- The housing inventory crunch has sparked a dramatic increase in the number of accessory dwelling units in the U.S., most notably in high-cost areas that have seen growing populations over the last decade, Freddie Mac reports in a new study on ADUs. Freddie’s research identifies 1.4 million ADUs in the U.S., including granny flats, garage apartments, and in-law suites. These ADUs can be either attached or detached from the main residence. Freddie Mac researchers examined 600 million MLS transactions dating back to the late 1990s to study the growth of ADUs in the country. In 2019, 70,000 properties with ADUs were sold, which is 4.2% of homes sold on the MLS, the research shows. In 2000, only 8,000 properties with ADUs were listed and sold-or 1.1% of the total. ADU demand appears to be highest in the fastest-growing areas of the country, researchers note. For example, Sun Belt states like California, Florida, Texas, and Georgia have half of the 1.4 million ADUs identified. Also, cities like Portland, Ore., Dallas, Seattle, Los Angeles, and Miami have seen some of the largest upticks-with double-digit growth–in ADUs over the last five years.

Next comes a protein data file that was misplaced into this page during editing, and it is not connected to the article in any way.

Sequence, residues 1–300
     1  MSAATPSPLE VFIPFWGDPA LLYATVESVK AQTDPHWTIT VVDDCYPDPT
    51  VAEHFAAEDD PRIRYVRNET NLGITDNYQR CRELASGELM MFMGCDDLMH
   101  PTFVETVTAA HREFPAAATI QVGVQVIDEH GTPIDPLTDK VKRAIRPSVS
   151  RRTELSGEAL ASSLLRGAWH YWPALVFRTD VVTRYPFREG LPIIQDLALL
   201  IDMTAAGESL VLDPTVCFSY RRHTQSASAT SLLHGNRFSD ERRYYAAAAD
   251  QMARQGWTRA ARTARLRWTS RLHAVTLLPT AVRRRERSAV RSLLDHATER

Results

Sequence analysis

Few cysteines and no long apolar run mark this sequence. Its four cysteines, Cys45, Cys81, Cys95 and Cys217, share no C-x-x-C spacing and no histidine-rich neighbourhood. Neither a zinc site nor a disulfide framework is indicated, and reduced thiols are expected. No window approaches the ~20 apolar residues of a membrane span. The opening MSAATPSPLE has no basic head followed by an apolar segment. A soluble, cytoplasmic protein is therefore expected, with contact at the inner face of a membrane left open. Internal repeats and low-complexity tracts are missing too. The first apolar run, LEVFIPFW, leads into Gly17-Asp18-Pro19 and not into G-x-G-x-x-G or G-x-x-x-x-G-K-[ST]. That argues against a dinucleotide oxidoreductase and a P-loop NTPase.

- U.S. energy consumption plummeted to its lowest level in more than 30 years this spring as the nation’s economy largely shut down because of the coronavirus, federal officials reported in late July. The drop was driven by less demand for coal that is burned for electricity and oil that’s refined into gasoline and jet fuel, the U.S. Energy Information Administration said. The declines were in line with lower energy usage around the globe as the pandemic seized up economies. Those trends are expected to turn around as commercial activity resumes but an annual decline in U.S. and global greenhouse gas emissions is still expected. Overall U.S. energy consumption dropped 14 percent during April compared to a year earlier, the energy administration said. That’s the lowest monthly level since 1989 and the largest decrease ever recorded in data that’s been collected since 1973. Natural gas usage bucked the trend and increased 15 percent during the April lockdown as residential consumption increased with most of the nation under stay-at-home orders. Petroleum consumption fell to 14.7 million barrels a day in April, down almost a third compared the same period in 2019. Demand already has rebounded some after stay-at-home orders expired and large sectors of the economy started moving again. Coal companies are expected to have a tougher time than petroleum producers recovering from the pandemic, which hit as the coal sector already remained on a fairly steady downward spiral since 2007 despite President Donald Trump’s attempts to prop it up. Coal consumption fell 27 percent in April compared to the same period in 2019, to 27 million tons. Most coal produced in the U.S. is used to generate electricity but many utilities have switched to to cheaper natural gas and renewable sources like wind and solar. The energy administration projects overall consumption will increase for the rest of 2020 but remain below 2019 levels.